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Trends in African-American Home Schooling
Jennifer James

African-American families are joining the ranks of homeschoolers by the thousands. Read why.
It’s 7:30 on a typical Monday morning and thousands of African-American children are not headed to the bus stop or being dropped off at school, but rather, they are headed to their kitchen table or to their in-home classroom. These children are home schooled and today there are more African-American home schooling families than ever. In fact, African-American families are joining the ever-growing home school community at an increasing rate for a variety of reasons and my family is one of them.

My husband and I decided that home education would be the greatest way to educate our daughters who are now four and two. Home education, in our opinion, affords the greatest amount of educational freedom and intellectual exploration. Even at such young ages, being able to learn at an individualized pace in a loving and supportive environment is most ideal.

In addition to the advantages of individualized attention and educational freedom, home schooling also allows my husband and me to teach our daughters cultural relevance and self-importance. This is vitally important, not only to my family, but to most African-American home schooling families across the country. In fact, African-American homeschoolers, although becoming home educators for a variety of reasons, look to provide a culturally uplifting education for their children.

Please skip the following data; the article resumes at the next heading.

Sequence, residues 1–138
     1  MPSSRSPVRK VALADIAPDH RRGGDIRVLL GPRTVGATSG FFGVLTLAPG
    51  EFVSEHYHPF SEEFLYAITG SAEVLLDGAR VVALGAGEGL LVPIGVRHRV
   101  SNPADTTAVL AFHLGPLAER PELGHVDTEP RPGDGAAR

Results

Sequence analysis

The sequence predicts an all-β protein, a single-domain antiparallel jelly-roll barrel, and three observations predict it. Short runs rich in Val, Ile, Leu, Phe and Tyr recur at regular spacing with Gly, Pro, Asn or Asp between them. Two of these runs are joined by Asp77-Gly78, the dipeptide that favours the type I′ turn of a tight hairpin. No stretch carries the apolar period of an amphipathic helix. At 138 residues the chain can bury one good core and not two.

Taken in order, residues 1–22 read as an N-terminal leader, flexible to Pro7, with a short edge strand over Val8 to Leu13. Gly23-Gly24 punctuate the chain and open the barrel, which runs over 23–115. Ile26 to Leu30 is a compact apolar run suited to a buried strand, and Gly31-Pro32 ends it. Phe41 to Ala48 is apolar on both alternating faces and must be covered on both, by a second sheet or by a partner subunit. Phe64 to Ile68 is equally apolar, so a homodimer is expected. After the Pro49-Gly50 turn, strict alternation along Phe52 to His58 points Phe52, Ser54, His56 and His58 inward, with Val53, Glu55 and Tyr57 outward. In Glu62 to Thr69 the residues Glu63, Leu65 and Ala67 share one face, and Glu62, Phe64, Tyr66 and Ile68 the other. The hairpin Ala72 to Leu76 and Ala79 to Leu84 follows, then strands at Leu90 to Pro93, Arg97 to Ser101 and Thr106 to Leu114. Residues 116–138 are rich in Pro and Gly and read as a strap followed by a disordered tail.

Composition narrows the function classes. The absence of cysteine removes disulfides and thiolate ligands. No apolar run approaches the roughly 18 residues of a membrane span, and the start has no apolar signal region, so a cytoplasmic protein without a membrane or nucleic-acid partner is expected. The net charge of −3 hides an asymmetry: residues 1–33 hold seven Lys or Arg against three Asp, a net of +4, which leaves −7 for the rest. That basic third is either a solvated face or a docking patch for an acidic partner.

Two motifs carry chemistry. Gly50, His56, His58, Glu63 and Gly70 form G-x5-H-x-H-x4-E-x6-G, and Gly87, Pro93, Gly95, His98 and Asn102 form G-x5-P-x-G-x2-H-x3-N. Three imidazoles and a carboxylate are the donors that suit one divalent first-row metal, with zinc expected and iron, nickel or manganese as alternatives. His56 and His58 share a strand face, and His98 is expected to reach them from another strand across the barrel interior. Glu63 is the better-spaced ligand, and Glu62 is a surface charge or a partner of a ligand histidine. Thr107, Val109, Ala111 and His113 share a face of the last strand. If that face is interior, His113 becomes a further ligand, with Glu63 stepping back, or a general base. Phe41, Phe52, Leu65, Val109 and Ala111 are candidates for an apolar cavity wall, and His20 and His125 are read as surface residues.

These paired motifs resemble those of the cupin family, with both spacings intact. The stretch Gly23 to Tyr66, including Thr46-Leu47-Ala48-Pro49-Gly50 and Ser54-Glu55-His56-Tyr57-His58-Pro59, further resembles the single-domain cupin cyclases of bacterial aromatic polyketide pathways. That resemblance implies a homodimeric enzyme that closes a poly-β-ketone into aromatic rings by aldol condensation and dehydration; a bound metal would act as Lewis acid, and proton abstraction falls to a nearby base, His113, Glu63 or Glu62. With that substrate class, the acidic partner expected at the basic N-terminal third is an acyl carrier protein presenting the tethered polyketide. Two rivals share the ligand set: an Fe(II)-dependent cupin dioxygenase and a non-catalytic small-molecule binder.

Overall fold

As the Director and cofounder of two home schooling organizations, I have learned some things that are most common among African-American homeschoolers. For example, I have learned that those who choose to home school do so for a variety of reasons and I have also learned that those who are truly committed to home schooling create a thriving home education environment for their children. I have also gleaned that home schooling is not conducive to all families and that there are some challenges within the African-American community that render home schooling difficult, but not impossible. Here, I will discuss the trends in African-American home schooling from my vantage point as a home schooling leader.

One of the principle reasons why African-Americans home school is due to the lack of cultural resources and African heritage books, curricula and lessons provided in public and private schools. This coupled with cultural misconceptions, especially for African-American boys, and the lack of cultural equality taught in textbooks drives many African-American families to provide this on their own. Many African-American families go to extra lengths to provide quality African-American positive books and lessons to their home schooling curricula. These families, therefore, capitalize on the opportunity to provide an education for their children where African-Americans, Africans as well as the African Diaspora are viewed as active participants in all subjects and not simply as inactive bystanders. Families also oftentimes supplement multicultural lessons with field trips to local African-American museums and historic sites.

In addition to cultural reasons, African-American families are choosing to home school for several other reasons. Across the country, percentages reveal that the majority of African-American children attend public schools, but regardless of race, socioeconomic status or location in America, families across the board are speaking out about the lack of quality education, school violence, teacher apathy and anti-religious attitudes in public education. African-American families share and echo these concerns, but additionally, they choose to home school to remedy, on an individual basis, the achievement gap that plagues the African-American community. Many families sincerely believe that the only way that their child can successfully overcome the achievement gap is to teach them at home under their direct supervision.